Rod Heckelman's career
started in 1966 when he began his five-year role as a teacher at John Gardiner’s Tennis Ranch in Carmel Valley, California Later he opened as the resident pro for Gardiner’s Tennis Ranch on Camelback in Scottsdale, Arizona. In 1976 he took over as head pro/tennis director at the Mt. Tam Racquet Club in
Larkspur, California, and added the title and responsibilities of general manager in 1982. In 2010 he was awarded “Manager of the Year” for the USPTA NorCal Division and the “Manager of the Year” at the USPTA World Conference.
He has written several books including, “Down Your Alley” in 1993, “Playing Into the Sunset” in 2013 and most recently, “250 Ways to Play Tennis.” He also produced the “Facility Manager’s Manual” and the “Business Handbook for Tennis Pros,” which is distributed by the TIA.
Calming Waters, But Still Treacherous
By Rod Heckelman
We can see some hopeful signs that we are heading in the right direction. Still much is unknown and as a result, much new treacherous business turf to navigate. To say the tennis industry survived is the best and most encouraging comment we can make at this juncture. Sadly, many tennis facilities, tennis pros, basically anyone affiliated with a tennis club or organization, are all on thin ice for a while.
Our first step, assuming we are still afloat, is to assess the damage and the losses. We lost members, lessons, sales in the pro shop, and most importantly, maybe some valuable staff members. We will be up against the obvious challenges, the loss of members due to their own personal financial issues and the spillover effect of the local businesses suffering. These issues will just require a little financial aid and time for the economy to turn around. No short cut here, simply hard work.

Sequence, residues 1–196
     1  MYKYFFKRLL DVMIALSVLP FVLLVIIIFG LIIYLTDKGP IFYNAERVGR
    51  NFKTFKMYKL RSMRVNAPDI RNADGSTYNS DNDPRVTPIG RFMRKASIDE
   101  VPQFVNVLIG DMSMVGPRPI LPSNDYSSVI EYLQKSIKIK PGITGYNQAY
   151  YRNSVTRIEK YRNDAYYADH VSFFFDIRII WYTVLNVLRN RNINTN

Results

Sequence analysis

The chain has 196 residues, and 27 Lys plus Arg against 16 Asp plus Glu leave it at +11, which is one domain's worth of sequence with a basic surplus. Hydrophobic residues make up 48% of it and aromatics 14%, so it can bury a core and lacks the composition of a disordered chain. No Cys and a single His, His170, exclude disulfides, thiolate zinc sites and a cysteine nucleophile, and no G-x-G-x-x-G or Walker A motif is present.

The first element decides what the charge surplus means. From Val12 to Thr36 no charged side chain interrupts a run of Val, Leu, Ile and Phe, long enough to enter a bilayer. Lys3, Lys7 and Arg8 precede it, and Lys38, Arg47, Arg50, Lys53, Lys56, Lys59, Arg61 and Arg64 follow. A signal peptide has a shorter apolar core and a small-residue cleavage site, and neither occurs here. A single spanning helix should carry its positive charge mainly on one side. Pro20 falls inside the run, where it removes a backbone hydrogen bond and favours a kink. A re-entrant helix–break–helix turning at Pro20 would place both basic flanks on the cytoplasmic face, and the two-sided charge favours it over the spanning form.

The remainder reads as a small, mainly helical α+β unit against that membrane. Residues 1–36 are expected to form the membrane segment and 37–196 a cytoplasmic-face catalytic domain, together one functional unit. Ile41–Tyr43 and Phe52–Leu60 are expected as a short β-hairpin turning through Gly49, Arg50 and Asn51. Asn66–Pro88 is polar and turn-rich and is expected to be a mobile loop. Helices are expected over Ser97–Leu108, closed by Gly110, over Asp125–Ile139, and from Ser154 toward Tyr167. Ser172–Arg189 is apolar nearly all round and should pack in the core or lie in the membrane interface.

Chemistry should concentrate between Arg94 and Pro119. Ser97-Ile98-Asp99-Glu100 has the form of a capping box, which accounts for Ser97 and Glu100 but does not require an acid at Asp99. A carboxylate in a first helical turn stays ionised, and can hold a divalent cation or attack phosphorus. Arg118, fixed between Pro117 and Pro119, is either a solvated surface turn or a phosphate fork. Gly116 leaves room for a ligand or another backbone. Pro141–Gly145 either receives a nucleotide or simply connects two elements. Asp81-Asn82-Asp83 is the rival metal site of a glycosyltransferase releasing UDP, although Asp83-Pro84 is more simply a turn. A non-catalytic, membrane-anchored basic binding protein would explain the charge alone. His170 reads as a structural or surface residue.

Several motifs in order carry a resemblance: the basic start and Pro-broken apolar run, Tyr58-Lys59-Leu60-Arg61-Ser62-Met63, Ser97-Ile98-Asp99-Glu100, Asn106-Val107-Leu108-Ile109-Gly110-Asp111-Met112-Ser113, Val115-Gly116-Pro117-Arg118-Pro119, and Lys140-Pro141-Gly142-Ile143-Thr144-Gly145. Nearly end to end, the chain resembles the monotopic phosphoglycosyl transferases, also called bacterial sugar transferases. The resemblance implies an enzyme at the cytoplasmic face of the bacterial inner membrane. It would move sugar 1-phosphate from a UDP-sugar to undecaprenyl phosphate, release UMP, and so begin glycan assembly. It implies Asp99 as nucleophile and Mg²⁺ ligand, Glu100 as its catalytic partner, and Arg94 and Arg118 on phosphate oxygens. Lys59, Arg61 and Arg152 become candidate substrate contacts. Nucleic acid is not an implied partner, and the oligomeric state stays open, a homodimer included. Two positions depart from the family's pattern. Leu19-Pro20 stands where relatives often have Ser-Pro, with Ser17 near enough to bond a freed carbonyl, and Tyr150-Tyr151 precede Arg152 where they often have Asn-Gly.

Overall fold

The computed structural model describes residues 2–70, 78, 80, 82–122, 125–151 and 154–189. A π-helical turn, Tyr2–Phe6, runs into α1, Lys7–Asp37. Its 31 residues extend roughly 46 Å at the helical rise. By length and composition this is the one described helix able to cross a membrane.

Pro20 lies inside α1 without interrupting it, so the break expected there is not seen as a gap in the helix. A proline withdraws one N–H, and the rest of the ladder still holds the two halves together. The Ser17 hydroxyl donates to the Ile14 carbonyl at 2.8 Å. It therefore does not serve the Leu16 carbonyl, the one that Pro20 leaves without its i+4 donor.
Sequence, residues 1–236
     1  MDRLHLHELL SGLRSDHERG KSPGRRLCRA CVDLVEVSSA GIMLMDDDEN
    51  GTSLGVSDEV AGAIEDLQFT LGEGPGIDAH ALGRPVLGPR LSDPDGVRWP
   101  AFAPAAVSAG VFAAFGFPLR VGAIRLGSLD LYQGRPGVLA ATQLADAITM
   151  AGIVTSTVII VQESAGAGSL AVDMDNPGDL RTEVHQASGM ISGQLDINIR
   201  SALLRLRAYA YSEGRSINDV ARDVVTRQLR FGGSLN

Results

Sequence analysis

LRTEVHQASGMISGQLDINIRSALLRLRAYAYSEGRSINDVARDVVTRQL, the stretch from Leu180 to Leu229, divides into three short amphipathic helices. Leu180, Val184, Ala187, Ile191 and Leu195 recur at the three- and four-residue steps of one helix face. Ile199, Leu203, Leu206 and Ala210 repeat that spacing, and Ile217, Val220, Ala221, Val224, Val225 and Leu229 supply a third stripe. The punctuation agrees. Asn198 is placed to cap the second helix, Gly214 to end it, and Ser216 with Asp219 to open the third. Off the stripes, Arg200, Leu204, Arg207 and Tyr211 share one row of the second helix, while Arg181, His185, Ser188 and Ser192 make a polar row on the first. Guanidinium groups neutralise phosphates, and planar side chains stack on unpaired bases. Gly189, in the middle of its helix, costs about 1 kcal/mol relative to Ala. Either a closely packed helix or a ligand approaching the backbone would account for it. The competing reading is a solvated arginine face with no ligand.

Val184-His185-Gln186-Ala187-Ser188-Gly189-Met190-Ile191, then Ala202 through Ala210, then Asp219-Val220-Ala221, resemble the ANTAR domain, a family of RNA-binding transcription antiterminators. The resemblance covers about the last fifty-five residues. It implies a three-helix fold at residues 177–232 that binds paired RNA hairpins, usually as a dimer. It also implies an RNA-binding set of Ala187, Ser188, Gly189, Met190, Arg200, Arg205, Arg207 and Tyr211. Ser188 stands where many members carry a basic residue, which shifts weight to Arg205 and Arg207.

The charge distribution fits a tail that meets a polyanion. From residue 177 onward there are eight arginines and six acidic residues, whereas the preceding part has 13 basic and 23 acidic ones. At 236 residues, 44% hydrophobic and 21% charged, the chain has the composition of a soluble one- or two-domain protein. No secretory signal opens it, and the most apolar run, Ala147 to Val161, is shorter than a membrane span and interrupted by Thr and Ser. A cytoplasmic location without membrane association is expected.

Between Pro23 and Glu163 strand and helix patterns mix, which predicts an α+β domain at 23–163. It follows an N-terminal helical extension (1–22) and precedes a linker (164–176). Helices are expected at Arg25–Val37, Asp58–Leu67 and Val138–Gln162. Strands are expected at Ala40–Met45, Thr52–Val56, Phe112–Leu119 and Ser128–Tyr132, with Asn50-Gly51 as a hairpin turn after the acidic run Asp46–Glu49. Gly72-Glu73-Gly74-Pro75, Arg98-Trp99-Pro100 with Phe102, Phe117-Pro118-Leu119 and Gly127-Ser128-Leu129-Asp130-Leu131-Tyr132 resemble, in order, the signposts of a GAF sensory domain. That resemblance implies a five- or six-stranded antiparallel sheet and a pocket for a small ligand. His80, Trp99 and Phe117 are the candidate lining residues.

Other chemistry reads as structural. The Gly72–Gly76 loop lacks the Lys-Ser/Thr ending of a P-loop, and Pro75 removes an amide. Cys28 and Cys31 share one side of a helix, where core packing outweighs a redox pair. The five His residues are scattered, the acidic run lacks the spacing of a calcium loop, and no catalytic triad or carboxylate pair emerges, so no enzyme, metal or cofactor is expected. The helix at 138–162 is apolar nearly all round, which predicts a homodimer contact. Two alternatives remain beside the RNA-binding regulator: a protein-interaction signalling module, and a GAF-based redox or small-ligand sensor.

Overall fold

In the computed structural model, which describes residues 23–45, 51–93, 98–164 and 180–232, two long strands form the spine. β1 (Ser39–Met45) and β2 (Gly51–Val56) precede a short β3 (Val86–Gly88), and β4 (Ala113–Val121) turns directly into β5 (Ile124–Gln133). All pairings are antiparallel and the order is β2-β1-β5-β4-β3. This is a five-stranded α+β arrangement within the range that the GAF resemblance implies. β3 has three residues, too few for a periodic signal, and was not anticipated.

The one issue we can immediately address, but only if we recognize it, is the issue of our public relations with the members and the community. When many clubs had to suddenly close, there was an inconsistent response to either stopping dues, or reducing the fees that clubs were charging monthly. Some clubs were quick to set up a policy, but many had to deal with the reality of keeping their staff on payroll. There was also the agonizing fact the when dealing with the government, it can take forever for someone to throw out the life preserver. The P. R. issue will vary from club to club, depending on the loyalty of their membership and the dynamics of the interaction that took place between the membership and those in clubs making these big decisions. Add to that, the many different types of clubs that operate financially in so many ways, and it was hard to find a guideline or direction to follow. A private business would react completely different than a public or non-profit organization, or even a membership owned club. Slow polices, or vague policies resulted in rumors and insecurity.
Many clubs had to deal with unhappy and concerned members who for years had relied heavily on using the club, both for exercise and their love for the game. They also lost that especially important factor of their social relationships with other members or events held at their club. With so much frustration, it was inevitable that some would vent their anger towards the management or ownership of their club. No one here is to blame, after all, one of the commons means of torture is to isolate someone and take them from their routines and normal world…which was, unfortunately, the necessary result of Shelter in Place.